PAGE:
Mindfulness in the Wild
I just returned from an amazing South African safari. Being up close to the “big five” was a bit scary, which made it very exciting. The big five are the strongest not the biggest animals—lions, leopards, elephants, buffalos, and rhinoceros.
Elephants came to the lodge and aways to drink from a watering hole, about eight yards away. I tried to get even closer to take a photo and was quickly told to step back. As an American believing we’re safe in most situations, I had to be reminded that these animals were wild and potentially dangerous. By the time I saw the lions I was fully aware that they—not our ranger or tracker—were in charge.
I looked closely at all the animals but when I looked at the lioness’ eyes, it felt different from the other animals. She seemed fully present—remarkably so. When someone is present you can feel it; that’s the way it was with this animal.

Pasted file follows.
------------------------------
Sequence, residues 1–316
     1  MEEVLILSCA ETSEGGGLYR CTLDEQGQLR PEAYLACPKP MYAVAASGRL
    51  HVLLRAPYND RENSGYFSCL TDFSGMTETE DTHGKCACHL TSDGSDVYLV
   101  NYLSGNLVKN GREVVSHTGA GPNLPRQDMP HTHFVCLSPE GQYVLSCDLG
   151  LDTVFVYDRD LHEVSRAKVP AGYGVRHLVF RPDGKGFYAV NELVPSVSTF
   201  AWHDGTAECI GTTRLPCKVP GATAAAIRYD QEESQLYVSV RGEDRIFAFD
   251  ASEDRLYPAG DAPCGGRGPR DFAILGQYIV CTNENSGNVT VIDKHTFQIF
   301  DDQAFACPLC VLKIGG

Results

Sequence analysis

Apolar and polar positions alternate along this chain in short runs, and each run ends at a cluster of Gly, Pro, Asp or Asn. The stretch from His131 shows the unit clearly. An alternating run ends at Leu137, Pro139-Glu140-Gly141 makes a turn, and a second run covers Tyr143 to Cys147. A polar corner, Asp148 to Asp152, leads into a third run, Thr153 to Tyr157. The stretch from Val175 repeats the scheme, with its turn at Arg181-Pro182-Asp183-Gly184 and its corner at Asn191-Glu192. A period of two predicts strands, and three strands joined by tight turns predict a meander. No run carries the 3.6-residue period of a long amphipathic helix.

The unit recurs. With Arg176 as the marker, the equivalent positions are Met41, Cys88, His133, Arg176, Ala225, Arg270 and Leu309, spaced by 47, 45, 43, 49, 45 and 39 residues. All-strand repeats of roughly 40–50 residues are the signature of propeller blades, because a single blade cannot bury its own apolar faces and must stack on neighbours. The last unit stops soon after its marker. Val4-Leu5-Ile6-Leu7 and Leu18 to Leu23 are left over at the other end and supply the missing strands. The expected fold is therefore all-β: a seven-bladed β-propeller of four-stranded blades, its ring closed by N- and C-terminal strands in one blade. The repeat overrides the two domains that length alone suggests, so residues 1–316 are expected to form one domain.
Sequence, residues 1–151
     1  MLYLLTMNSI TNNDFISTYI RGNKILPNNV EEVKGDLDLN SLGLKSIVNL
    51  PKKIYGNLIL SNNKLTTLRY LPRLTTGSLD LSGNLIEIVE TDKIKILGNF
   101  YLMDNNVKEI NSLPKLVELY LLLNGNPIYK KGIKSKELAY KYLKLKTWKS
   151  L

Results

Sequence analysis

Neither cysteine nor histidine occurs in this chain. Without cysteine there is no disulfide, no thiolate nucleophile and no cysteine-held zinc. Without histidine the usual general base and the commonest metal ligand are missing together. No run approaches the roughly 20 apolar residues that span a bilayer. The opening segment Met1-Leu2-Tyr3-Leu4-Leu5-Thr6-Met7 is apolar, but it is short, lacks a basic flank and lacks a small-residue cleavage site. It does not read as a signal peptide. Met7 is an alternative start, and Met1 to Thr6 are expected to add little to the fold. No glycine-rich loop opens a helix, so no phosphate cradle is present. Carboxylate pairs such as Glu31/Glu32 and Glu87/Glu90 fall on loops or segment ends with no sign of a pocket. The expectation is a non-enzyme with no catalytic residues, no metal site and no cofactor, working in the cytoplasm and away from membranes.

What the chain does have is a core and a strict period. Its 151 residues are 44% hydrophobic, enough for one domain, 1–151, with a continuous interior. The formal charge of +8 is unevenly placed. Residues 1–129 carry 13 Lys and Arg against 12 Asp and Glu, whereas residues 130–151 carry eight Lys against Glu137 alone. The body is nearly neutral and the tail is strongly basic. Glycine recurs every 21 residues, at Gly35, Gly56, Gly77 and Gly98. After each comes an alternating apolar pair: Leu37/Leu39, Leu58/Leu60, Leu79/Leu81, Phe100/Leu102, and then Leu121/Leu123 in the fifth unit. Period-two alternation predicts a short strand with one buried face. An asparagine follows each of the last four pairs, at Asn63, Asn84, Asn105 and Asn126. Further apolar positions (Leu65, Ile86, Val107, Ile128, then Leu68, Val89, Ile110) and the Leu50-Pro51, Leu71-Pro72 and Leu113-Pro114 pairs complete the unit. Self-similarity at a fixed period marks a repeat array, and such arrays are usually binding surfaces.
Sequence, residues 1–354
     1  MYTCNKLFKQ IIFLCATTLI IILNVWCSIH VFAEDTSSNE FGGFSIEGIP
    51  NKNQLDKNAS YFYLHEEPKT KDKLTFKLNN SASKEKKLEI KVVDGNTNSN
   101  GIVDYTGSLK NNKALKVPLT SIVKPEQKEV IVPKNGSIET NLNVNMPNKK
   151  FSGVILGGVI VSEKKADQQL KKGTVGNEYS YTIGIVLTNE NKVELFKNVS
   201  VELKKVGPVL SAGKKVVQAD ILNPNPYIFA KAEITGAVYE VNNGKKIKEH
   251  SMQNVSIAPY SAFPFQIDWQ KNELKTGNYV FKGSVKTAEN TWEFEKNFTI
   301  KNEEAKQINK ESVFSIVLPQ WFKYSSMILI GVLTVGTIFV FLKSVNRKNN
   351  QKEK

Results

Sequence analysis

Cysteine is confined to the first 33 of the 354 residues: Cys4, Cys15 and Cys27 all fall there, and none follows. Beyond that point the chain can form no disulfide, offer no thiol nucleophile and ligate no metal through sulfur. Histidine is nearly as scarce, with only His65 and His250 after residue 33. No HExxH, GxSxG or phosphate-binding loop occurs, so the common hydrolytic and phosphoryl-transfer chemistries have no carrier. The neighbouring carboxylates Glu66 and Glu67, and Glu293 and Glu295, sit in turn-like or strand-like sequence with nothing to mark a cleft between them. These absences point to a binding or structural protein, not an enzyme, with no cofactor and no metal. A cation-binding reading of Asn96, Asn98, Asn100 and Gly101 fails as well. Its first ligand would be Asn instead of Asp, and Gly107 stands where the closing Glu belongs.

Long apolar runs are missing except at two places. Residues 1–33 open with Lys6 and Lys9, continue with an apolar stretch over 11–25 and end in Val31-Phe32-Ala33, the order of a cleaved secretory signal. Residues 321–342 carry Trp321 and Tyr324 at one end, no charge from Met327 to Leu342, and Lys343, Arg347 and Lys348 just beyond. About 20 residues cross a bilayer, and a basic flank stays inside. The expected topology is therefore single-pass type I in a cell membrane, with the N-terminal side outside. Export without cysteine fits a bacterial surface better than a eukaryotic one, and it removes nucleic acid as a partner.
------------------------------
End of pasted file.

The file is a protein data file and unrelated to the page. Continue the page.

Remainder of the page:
Some of the big five are larger than the lion, some have horns that can be deadly, but none of them seemed as “there” as the lion. I wondered if that was in fact what made the lion king of the jungle. Mindfulness might trump speed, size, and even brute force.
If I can find photographs of these animals and show only the eyes to people kept blind about which animal they were viewing, I might be able to get some confirmation of this idea. Then I will figure out a way to show the eyes to other animals and study their reactions.
For the moment, however, these ideas help keep the safari experience alive for me.